Cate Lawrence is an Australian tech journo living in Berlin. She focuses on all things mobility: ebikes, autonomous vehicles, VTOL, smart ci Cate Lawrence is an Australian tech journo living in Berlin. She focuses on all things mobility: ebikes, autonomous vehicles, VTOL, smart cities, and the future of alternative energy sources like electric batteries, solar, and hydrogen.
The question I am always asked when I mention anything related to solar energy is this: why isn’t the technology as ubiquitous as the sun?
So today I am excited to share the news that solar-power transport company Sono Motors is deploying its tech on a bus for the first time — in partnership with the Münchner Verkehrsgesellschaft (Munich Transport Company, MVG).
You probably know Sono Motors from its work building Sion, the solar electric car. The Sono solar technology replaces traditional paint with proprietary integrated solar panels that can form for various applications. Unlike vehicles with rooftop solar panels alone, it comes with 456 solar half-cells on the hood, fenders, sides, roof, and rear.
I sat down with Laurin Hahn, co-founder, and CEO, to ask about the shortage of solar deployment up until now, and find out about the company’s latest partnership.
He explained that the reasons for solar’s slow start have been cost and inefficiency:
10 years ago, solar was just too expensive and too inefficient. Now, we have seen prices come down by 80% to 90%, and efficiency going up by roughly 40% to 50%.
Buses get the solar treatment
Today the company is deploying its solar technology as a diesel bus retrofit solution. As Hahn notes, “There are thousands of buses in existence. And they will not be put away tomorrow.” So, the first step is to reduce the diesel consumption of existing bus fleets.
Sono Motors’ solar bus trailer will soon hit the roads in the Munich metropolitan area, offering savings of up to 2,500 liters of diesel per year for a medium-sized fleet of 300 buses. This could lead to an annual local CO2 saving potential of more than 6.5 metric tonnes per bus.
Each trailer comes with 20 semi-flexible special photovoltaic (PV) modules, providing over 2,000 watts of energy to power the vehicles’ battery and electrical loads, such as heating, ventilation, air conditioning, and the trailer’s steering system.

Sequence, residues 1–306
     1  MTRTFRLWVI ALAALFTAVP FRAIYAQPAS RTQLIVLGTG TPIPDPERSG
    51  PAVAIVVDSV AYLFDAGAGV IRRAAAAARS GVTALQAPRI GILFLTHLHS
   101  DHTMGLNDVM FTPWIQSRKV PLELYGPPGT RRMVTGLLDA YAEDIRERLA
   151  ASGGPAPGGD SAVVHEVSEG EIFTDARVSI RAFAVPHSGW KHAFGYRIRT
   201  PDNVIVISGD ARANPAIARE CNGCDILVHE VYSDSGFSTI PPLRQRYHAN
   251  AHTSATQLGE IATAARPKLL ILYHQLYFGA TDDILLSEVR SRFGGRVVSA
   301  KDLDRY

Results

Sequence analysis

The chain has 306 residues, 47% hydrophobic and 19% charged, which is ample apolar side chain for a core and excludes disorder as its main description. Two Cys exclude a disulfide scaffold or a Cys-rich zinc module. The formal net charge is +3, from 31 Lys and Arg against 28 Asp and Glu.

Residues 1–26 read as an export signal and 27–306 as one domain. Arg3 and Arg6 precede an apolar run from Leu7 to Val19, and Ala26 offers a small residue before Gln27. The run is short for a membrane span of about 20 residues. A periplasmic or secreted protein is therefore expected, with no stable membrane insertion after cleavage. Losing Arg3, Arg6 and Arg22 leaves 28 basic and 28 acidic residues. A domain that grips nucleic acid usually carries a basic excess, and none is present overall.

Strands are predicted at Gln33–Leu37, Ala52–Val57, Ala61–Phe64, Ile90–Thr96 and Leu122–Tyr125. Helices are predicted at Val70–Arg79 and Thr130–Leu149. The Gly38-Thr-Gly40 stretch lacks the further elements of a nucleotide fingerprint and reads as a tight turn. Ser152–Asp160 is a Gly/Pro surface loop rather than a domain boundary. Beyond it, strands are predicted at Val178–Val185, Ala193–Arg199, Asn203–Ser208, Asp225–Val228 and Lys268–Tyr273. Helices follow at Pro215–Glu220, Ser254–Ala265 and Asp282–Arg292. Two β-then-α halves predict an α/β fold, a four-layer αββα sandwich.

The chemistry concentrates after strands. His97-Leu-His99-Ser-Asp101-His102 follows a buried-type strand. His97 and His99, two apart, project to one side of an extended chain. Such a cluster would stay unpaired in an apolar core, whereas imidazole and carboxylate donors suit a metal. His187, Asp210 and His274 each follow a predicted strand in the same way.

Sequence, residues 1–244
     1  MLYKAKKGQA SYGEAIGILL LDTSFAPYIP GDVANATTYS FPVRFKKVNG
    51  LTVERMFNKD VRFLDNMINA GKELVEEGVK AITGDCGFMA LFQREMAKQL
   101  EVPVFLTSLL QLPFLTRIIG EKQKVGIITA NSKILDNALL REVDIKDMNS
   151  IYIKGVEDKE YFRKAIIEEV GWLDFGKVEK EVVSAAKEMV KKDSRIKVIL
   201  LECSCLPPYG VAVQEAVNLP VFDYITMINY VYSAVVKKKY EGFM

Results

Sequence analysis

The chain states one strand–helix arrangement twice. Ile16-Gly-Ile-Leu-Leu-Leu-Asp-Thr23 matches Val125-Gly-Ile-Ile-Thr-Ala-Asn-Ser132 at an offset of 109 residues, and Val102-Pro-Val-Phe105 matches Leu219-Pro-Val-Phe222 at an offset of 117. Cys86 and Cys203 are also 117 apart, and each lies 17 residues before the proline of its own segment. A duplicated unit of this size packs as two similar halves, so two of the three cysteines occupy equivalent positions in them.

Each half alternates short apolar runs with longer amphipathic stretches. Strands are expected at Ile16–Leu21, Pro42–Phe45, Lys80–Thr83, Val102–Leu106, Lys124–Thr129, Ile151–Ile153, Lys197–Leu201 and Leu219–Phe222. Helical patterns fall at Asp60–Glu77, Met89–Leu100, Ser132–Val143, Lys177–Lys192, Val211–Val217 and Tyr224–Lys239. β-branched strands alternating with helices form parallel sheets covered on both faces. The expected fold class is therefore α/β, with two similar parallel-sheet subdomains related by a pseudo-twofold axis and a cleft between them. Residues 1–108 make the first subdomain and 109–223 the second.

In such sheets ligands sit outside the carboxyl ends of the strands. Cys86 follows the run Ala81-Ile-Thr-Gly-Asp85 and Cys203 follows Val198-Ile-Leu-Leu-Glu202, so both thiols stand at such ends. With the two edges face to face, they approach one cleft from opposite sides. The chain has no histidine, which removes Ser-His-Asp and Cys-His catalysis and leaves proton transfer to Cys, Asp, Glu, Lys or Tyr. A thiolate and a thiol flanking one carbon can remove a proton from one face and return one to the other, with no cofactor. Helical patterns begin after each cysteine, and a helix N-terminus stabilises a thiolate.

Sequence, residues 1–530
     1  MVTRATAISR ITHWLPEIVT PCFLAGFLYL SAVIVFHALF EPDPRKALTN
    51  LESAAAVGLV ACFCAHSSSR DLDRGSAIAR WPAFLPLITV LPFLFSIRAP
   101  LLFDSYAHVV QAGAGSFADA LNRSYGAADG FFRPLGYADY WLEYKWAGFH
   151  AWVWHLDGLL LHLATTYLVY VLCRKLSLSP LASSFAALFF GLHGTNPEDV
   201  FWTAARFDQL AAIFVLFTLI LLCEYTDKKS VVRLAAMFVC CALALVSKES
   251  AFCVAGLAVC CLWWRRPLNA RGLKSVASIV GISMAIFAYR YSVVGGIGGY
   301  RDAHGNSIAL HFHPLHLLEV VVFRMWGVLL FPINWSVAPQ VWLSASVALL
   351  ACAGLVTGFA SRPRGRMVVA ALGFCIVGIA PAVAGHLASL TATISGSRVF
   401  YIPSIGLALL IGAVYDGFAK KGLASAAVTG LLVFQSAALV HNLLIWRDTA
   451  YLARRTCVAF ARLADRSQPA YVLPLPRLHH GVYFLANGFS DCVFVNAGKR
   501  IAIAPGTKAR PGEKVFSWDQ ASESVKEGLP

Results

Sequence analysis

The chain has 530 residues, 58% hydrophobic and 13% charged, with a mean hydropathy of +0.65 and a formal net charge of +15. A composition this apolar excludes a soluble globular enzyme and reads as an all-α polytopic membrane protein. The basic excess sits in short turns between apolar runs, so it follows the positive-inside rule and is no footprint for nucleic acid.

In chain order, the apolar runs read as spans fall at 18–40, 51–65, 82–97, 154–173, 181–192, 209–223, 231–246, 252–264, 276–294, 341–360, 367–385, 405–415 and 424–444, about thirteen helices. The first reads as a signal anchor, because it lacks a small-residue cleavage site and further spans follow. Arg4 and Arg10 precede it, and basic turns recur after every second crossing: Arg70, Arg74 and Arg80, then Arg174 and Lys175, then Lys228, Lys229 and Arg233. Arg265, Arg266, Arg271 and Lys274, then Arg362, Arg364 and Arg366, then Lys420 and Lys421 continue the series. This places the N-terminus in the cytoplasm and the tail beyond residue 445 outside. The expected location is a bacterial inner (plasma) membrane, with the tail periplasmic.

Besides saving diesel, the additional electricity stabilizes the battery’s energy supply. This extends its service life and reduces maintenance costs. The energy generated is monitored online using integrated software.
Sono Motors has already signed more than ten letters of intent and contracts with companies such as MAN, easymile, and ARI Motors since the beginning of 2021.
The Sono solar technology is suitable for integration into existing vehicles and during the production phase of manufacturing.
When e-buses are factory-equipped with Sono’s solar technology, the additional range can be generated immediately through solar energyon the roof and sides.
Hahn explained that this reduces the standstill times for charging processes and protects the battery through a constant charging process. “As a result, the e-bus can operate longer.”
The Sion solarEV is still on track
The company still plans to roll out the solarEV, publishing news of their development progress on their website each fortnight.
Hahn shared, “We’ve been very transparent about our car development, including what’s going well and what’s going not so well.” The company is so far unaffected by the industry’s supply chain woes, but is monitoring the situation closely.
The Sion costs a mere €28,500 ($31,600). The company expects to start production in the first half of 2023. There are over 15,000 reservations valued at $385 million.
It’s a great day for solar tech, and it’s a great day for the environment.
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